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Saturday, July 24, 2021

Winning Formula

Hoor stands out among the popular numbers of Hindi Medium

Written by Suanshu Khurana |
May 6, 2017 12:27:11 am
Hindi medium, Guru Randhawa, Sachin-Jigar, Guru Randhawa, Rajat Nagpa,  Kumaar, Guru Randhawa, Arjun Kanungo, India news, National news, Latest news Irfan Khan along with co-stars in the movie Hindi Medium

The last time a Sachin Jigar score made us sit up and take notice, the duo was parked inside Film City in Mumbai’s Goregaon and was creating pieces for Coke Studio @MTV Season 3. The music they created, without a blueprint and completely independent of a film story, was intelligent, brilliantly arranged, and melodious — proving that they can’t be written off as the backbencher composers of B-town and that their rare outings deserve to be noticed. The four-piece soundtrack of Hindi Medium, a film about inequalities caused by our education system and starring Irrfan and Pakistani actor Saba, is part-formulaic and part-interesting and has managed to showcase the duo’s abilities as composers and arrangers. Also, barring one track, other songs don’t seem to go with the theme of the film, so one wonders if some of them are just for promotion purposes.

The album opens with soft synth chords followed by Arjun Kanungo singing in English in the 2016 Punjabi chartbuster Suit suit by Guru Randhawa. The earworm, which probably featured at every party last year and continues to find much airtime, has been reworked for the film. We are thankful that it hasn’t been turned into a remix with sharp and thunderous rhythms. The song isn’t a great piece of poetry but is entrancing for its repetitive first line and ecstatic rendition. This is followed by Sukhbir’s age-old winner of a song, Oh ho ho. The piece belongs to the Punjabi music’s boom era — when this song’s infectious sound and rhythm had people bonding on dance floors in clubs and at weddings the world over.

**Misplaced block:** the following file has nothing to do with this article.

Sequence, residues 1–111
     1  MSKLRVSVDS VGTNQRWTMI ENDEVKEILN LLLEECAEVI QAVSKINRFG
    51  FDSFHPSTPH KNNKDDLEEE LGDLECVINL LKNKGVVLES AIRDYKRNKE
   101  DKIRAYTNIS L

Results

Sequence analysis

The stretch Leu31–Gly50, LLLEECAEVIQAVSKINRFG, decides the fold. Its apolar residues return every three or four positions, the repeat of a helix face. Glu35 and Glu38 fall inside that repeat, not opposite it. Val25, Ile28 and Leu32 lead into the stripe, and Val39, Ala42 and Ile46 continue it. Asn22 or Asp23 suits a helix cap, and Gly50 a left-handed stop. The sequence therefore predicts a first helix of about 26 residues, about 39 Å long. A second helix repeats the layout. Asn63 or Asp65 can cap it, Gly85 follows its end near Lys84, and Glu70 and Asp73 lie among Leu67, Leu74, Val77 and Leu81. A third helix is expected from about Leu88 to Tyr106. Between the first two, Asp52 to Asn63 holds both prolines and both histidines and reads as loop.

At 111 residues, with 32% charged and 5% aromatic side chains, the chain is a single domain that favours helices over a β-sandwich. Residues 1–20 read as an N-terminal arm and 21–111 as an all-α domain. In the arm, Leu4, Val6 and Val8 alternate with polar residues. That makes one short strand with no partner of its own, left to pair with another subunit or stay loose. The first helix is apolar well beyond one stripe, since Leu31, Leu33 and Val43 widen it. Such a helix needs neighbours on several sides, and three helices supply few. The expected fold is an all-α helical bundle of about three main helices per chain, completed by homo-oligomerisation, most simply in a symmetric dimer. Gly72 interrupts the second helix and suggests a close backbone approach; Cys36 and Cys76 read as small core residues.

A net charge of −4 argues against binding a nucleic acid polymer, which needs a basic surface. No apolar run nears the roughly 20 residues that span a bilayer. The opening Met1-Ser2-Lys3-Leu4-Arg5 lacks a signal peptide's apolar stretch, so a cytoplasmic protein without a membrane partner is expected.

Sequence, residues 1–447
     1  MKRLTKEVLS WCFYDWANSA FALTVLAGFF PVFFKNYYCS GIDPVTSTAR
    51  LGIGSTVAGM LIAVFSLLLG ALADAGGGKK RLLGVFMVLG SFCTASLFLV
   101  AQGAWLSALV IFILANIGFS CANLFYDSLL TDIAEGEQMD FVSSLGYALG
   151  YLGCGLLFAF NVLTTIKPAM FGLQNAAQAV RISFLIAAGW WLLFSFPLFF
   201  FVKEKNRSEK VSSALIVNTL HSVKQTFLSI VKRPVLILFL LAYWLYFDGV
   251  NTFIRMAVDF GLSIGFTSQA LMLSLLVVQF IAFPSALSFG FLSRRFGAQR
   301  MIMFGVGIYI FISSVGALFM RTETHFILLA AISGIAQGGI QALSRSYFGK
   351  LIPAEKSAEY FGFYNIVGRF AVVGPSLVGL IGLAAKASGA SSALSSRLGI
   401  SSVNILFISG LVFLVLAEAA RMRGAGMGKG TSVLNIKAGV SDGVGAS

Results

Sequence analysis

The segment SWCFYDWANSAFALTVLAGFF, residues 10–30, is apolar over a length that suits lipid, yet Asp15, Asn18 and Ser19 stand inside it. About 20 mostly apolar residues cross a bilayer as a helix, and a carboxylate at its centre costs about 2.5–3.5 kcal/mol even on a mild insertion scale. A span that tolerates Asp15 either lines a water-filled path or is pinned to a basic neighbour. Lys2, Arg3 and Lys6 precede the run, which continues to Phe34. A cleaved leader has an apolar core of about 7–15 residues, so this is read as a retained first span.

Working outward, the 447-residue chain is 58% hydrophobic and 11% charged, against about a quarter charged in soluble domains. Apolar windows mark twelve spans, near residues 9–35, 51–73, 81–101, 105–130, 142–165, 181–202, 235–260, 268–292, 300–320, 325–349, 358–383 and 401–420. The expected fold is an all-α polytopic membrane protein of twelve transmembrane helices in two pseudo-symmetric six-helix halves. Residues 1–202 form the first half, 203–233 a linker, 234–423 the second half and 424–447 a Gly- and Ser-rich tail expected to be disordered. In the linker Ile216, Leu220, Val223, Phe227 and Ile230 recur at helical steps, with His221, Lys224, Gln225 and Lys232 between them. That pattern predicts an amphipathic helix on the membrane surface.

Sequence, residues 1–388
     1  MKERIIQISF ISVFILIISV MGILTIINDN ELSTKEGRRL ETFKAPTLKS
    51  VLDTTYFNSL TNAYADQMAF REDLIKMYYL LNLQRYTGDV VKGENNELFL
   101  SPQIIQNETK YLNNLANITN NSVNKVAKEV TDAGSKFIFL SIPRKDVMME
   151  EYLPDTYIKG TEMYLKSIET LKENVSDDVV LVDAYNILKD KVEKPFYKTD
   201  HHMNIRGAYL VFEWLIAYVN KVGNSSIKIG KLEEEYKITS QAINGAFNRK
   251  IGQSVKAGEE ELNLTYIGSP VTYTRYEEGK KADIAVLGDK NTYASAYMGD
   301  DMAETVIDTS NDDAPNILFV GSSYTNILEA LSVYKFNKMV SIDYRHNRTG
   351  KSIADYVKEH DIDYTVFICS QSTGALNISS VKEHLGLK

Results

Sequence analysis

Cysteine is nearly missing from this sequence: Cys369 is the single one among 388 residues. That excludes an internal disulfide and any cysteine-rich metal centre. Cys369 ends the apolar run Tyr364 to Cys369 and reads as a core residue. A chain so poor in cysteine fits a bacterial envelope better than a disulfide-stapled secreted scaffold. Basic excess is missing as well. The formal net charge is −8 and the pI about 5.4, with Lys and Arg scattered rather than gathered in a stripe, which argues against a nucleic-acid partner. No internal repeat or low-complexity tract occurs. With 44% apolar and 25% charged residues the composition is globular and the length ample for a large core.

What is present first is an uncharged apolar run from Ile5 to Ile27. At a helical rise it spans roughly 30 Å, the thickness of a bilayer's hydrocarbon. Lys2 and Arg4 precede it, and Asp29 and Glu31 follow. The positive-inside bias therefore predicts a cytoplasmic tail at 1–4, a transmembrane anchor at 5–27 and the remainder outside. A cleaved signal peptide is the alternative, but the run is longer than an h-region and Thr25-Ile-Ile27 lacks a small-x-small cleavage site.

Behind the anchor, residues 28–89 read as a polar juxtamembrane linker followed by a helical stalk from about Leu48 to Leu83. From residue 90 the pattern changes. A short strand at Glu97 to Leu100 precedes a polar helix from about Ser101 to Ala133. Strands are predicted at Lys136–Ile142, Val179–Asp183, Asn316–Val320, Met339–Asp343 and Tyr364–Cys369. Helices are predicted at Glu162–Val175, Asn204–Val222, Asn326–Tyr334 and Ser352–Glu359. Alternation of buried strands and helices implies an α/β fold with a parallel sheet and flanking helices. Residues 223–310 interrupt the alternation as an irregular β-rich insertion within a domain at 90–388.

T-Series, a music label, which leaves no stone unturned when it comes to popularising an album, adheres to the current formula of keeping old, catchy numbers on the song list to draw people to the halls. Hindi Medium, too, reworks old songs and presents them with minor tweaks.

Jigar’s Hoor is why the album should be bought though. This harmonium and tabla ditty, sung by Atif Aslam, has him strip his voice of the infamous nasal tinge and deliver this melodious panache. It’s an intelligent composition, which takes various directions, comes back to where it began and has been tied together with the heartwarming harmonium preludes and interludes. It moves away from the current type of romantic numbers — the ones which start at a high pitch and remain there for most of it and use long, stretched syllables. Hoor is a soft, hummable melody that is romantic and not an assault on the senses.

Sachin gets his daughter and Jigar’s niece Taniskaa Singhvi to lead a chorus of children in Ek jindari. Her voice is paired with nagaras in the beginning. It’s an impressive attempt from Singhvi, who brilliantly attempted Laadki with Rekha Bhardwaj in Coke Studio @MTV. Raat hai kajlewali, door badi Diwali, Diwe dhoonde akhiyaan, she croons just as an electric guitar takes over and concludes the piece. It is an unconventional piece and is forgotten after one hearing. It may work better in the film.

In a film called Hindi Medium, three songs are in Punjabi. Buy it for Hoor or if you already do not own copies of Suit suit and Sukhbir’s 20th century bhangra anthem.

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